They have been charged with the task of bringing the ghastly characteristics of the witches to life, be it their freakishly long fingers or wart-riddled faces.

Designer Gem Greaves and lighting designer Alex Stafford-Marshall are on hand to help bring you frighteningly realistic characters and effects to life.

What’s it been like working on The Witches?

Chloe Bowers (wardrobe supervisor): I’ve loved this show, particularly because we’ve had the kids who are so enthusiastic. They really want to help and take part, and they’ve been great trying on the costumes and sourcing things for us.

I wonder what they are going to be like with putting the bald caps on, bearing in mind that is going to be stuck to your face, so it can be quite uncomfortable.

It is entirely sealed, all the way round your forehead, all the way round your neck. So by the end of the day it can get quite sweaty, quite uncomfortable. It’s not very pleasant, but they all seem fair game for it.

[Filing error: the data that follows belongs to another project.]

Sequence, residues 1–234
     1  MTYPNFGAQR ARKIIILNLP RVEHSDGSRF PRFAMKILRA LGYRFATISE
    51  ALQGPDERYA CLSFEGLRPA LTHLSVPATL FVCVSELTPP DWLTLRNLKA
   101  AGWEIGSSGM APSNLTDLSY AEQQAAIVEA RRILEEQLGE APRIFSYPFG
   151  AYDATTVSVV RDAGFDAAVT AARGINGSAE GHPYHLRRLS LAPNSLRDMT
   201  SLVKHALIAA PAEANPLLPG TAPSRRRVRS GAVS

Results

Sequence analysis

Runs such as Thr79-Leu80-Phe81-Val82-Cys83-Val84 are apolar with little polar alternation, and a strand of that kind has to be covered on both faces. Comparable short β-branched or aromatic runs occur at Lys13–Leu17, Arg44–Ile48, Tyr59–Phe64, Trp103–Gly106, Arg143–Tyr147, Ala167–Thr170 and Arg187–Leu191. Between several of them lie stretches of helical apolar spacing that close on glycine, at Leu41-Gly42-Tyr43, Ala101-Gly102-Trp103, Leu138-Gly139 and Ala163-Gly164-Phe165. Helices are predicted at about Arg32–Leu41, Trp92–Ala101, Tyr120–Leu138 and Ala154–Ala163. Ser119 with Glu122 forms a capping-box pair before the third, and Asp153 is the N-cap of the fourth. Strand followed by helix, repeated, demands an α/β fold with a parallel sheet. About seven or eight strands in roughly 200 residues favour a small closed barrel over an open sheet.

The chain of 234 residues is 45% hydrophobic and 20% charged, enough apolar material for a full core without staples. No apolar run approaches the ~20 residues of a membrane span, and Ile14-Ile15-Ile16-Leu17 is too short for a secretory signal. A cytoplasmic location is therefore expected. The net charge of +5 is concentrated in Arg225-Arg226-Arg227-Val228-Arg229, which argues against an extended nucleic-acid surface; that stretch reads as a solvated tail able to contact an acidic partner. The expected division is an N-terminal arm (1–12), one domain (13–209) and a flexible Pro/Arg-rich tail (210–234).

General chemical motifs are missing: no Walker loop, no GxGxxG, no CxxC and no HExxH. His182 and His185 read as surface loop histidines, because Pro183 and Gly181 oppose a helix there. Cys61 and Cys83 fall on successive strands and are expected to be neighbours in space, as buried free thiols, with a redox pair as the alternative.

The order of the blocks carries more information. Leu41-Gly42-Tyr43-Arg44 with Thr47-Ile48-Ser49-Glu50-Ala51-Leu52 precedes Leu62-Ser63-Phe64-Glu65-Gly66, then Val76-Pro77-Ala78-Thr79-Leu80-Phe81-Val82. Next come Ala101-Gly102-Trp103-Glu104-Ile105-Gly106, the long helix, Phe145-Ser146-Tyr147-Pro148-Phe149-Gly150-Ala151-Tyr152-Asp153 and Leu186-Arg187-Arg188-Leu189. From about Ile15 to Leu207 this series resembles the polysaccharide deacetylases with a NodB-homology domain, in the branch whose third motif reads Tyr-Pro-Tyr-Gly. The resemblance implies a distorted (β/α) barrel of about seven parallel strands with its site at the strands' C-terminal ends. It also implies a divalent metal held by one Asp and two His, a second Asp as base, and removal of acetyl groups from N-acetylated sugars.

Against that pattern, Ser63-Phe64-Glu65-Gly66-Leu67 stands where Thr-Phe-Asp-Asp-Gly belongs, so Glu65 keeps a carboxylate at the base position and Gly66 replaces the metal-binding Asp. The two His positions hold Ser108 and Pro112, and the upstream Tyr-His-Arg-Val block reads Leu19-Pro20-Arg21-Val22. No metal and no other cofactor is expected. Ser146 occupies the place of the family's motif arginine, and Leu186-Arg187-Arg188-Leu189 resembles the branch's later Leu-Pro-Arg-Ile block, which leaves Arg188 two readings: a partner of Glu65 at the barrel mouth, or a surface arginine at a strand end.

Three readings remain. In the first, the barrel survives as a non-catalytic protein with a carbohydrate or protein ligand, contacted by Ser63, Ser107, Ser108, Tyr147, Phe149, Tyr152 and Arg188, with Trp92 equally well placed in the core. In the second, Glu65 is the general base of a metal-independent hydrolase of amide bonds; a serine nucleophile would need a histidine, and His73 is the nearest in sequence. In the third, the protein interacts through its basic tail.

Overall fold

What about the costumes?

We’re really lucky – we’ve got a brilliant costume hire downstairs where we can source most of the costumes from.

And other than that it’s just been a charity shop job, we’ve got to be very careful with our budget. However all of the bald witch caps have been made by hand.

It has taken about two days per set, and we’re gonna have three sets altogether, so there will be about thirty bald caps used during the show, covered in sickly warts and veins. I’d love to prance around as a witch, not so sure about wearing the bald cap though, or the mask; quite uncomfortable.

Evil characters

Molly Levitt as the Grand High Witch. Photograph: Dan Cashdan